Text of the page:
Tuesday, August 24, 2010

Max I. Dimont

Jews, God and History

By Max I. Dimont

Book Review

By Richard Edward Noble

Max I. Dimont is an ex-shoe salesman and unskilled laborer with a quest for knowledge and a consequent desire to write down what he had learned and pass it on. This particular book, Jews, God and History was a million seller. It was first published back in the early 60s and continues to sell thousand of copies to this day.
Max was Jewish and he obviously got interested in his Jewish ancestry. He clearly decided to read up on his people in a quest to figure out what the Jews were all about and how their culture has sustained itself through the centuries.

He ends up writing this work and several others that he somehow managed to get published and he became a literary success. Getting this book published may have been luck but his writing of it was not. It is the culmination of a good deal of literary sweat. He did a great job with this book.

I liked it not because of Max’s love of his religion and Jewish heritage but because of his acknowledgment of secular explanations for Jewish mysticism and his copious facts to bolster his boasting on his Jewish heritage.

For example he tells us that we can accept the mystical interpretation of Abraham’s meeting with God and the establishment of the Jewish Covenant or we can interpret the event as a psychological Freudian style projection – an “auditory or visual hallucination.” But whatever explanation we choose, it nevertheless does not change the history or the historical facts or legends. The result of which was circumcision and the Jewish declaration that they are the chosen people. Whether God chose them or they chose a God of their liking is the reader’s preference.

The book thus becomes a more rational, historical accounting of the Jews and their longevity as opposed to a proselytization.

He does the same with Constantine’s famous episode. The reader can chose between the mystical, visionary fable or a psychological interpretation (or drunkenness for that matter). It doesn’t matter, as the facts or legends of the Jewish history keep rolling along.

The author presents the question of how did the Jewish culture or civilization survive for over 3,000 years without its people even having a nation or a country for the majority of that period. But that is a confusing question and the question itself points out the Jewish confusion about what “Jewish” is. Is it a race, a nation or a religion?

Christianity survives without a nation or a country. Islam survives without a nation or a country. Buddhism survives without a nation or a country. Protestantism survives without a nation or a country. Hinduism survives without a nation or a country. A religion doesn’t need a country. It needs followers or believers.
Germans must have a country. Americans must have a country. French must have a country. Nationalities have countries, faiths have followers. Are the Jews a nation or a religion?

Adolf Hitler labeled the followers of the Jewish faith as a race. As far as my understanding goes, they are not a race and since they have had no country for most of their existence, they could hardly be considered a nation.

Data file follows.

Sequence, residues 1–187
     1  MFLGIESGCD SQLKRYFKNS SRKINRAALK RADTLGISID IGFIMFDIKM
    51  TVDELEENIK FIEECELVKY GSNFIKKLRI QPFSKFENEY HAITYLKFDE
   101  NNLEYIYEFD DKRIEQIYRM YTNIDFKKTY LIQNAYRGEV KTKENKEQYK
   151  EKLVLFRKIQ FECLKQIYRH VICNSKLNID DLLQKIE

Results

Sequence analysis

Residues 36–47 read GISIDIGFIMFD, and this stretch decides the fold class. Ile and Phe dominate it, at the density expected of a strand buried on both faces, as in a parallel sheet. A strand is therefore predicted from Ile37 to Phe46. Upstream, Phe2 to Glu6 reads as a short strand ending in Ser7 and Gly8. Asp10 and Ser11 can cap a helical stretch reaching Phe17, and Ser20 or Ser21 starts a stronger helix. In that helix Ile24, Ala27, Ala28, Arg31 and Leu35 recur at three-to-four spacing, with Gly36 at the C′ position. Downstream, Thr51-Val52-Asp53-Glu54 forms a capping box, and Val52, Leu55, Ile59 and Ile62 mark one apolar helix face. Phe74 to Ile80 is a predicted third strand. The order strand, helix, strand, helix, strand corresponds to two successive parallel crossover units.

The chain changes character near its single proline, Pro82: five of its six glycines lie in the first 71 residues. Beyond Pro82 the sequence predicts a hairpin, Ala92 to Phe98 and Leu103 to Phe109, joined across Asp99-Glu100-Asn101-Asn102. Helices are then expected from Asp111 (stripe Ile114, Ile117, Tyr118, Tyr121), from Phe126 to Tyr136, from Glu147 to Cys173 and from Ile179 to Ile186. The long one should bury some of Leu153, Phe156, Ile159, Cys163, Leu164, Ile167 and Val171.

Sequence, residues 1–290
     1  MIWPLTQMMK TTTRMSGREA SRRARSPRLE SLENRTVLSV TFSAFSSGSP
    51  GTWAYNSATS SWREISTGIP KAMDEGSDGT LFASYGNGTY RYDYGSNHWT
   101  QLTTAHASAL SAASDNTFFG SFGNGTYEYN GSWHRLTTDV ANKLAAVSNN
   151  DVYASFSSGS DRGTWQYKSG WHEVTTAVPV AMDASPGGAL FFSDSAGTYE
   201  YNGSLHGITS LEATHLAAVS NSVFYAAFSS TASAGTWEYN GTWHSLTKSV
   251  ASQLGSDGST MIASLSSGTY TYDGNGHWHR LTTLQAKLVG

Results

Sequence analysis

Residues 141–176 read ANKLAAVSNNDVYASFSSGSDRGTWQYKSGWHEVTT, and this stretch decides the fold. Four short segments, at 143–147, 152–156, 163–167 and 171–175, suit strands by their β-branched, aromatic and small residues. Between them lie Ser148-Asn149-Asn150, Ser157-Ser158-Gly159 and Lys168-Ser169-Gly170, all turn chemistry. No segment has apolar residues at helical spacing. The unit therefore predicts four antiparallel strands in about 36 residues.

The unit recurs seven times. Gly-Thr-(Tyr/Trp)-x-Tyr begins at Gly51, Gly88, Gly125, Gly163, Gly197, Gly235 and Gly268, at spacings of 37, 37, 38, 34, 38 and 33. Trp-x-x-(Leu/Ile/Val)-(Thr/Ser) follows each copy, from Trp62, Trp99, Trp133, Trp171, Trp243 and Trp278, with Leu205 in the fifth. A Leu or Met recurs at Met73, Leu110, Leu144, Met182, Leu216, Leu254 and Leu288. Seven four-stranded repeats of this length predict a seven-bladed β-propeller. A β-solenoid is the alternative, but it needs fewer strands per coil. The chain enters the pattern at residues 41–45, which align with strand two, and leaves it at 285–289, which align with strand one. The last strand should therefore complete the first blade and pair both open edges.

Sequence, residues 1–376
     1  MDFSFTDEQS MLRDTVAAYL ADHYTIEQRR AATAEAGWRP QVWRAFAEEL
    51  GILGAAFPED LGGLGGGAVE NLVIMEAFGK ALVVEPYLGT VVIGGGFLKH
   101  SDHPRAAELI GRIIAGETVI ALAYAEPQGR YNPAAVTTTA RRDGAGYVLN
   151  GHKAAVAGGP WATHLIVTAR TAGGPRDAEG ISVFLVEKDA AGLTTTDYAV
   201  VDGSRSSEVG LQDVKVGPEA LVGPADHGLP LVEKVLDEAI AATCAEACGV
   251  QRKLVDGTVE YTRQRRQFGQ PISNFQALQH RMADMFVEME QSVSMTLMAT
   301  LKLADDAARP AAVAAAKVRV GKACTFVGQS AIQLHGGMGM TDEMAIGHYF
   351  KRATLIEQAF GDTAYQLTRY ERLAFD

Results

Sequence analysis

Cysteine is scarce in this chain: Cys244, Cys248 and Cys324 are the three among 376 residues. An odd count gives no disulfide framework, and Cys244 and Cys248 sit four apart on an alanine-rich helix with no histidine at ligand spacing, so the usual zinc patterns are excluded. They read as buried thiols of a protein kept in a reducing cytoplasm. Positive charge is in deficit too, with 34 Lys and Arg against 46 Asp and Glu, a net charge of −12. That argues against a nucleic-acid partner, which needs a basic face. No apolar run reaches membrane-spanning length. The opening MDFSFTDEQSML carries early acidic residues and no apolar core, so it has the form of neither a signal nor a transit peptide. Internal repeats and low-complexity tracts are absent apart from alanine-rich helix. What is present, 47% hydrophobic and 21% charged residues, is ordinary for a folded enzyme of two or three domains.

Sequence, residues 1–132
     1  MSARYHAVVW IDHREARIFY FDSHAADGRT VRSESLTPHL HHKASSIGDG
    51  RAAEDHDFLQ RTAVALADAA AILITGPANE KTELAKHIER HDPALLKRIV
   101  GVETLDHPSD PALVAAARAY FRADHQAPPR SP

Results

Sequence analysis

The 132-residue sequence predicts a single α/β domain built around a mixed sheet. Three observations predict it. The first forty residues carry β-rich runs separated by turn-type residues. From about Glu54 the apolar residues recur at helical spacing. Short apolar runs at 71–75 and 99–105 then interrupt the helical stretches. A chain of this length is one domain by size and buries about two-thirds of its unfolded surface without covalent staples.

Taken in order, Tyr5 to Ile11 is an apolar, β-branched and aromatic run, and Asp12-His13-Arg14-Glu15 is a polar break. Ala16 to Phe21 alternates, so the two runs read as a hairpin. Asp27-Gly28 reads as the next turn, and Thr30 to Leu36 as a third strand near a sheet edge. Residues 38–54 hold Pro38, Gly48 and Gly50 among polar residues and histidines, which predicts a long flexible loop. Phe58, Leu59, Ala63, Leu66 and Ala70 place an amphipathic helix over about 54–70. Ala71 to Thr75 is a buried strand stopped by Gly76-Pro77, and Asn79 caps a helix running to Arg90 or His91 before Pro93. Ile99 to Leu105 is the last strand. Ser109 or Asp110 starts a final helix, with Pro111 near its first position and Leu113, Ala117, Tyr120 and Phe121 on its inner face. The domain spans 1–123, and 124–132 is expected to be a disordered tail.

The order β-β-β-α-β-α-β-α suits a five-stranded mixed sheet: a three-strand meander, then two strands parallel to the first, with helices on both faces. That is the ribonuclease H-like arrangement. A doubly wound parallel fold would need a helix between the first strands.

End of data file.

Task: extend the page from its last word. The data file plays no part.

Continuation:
Jews primarily constitute a religion. But their religion has been kept close to a small “family” of followers all stemming back to an original tribal heritage with limited membership. As a consequence we have this nationalistic and religious confusion. Many Jews talk among themselves as if they are a nationality.

On the religious side, the Jews have been so egalitarian in their acceptance of inordinate beliefs among their followers that some Jews proclaim their agnosticism and even their atheism without any traditional ostracism or excommunication. This adds to the race/nation/religion confusion.

But, how did the Jews survive the pogroms, the persecutions, the vilification, the holocaust etc. and why all of this hatred towards the Jews? How did the Jews form such a strong bond between and among their followers even with the Diaspora – banished from their original homes in Judea and Israel and dispersed all over the world?

Max Dimont tries to answer these questions and he gives a very cogent explanation. Along with this search for answers to the “Jewish Question” comes a brilliant and entertaining presentation of Jewish history and the fundamental teachings of the Jewish faith, traditions, and customs.

This is a great book for Jews and non-Jews – anyone who wants to learn about the history and origins of the Jews. And if you are interested in the history of the human race, how can you not be interested somewhat in the Jews.

The book closes with a chronological history of Palestine/Israel to the date of it publication. For an even better and more up to down Chronology see Thomas’s Friedmen’s From Beirut to Jersalem.

The book is admittedly biased towards the Jews. Max is proud to be a Jew and he is not ashamed to tell the reader why. He is boasting about the accomplishments of his people throughout the entire book – but rightfully so. He may be stretching the importance of his “nation” of people as do the Irish, Italian, Catholics and Protestants but his little group, approximately 18 million at the time that he wrote the book, certainly has some boasting to do.

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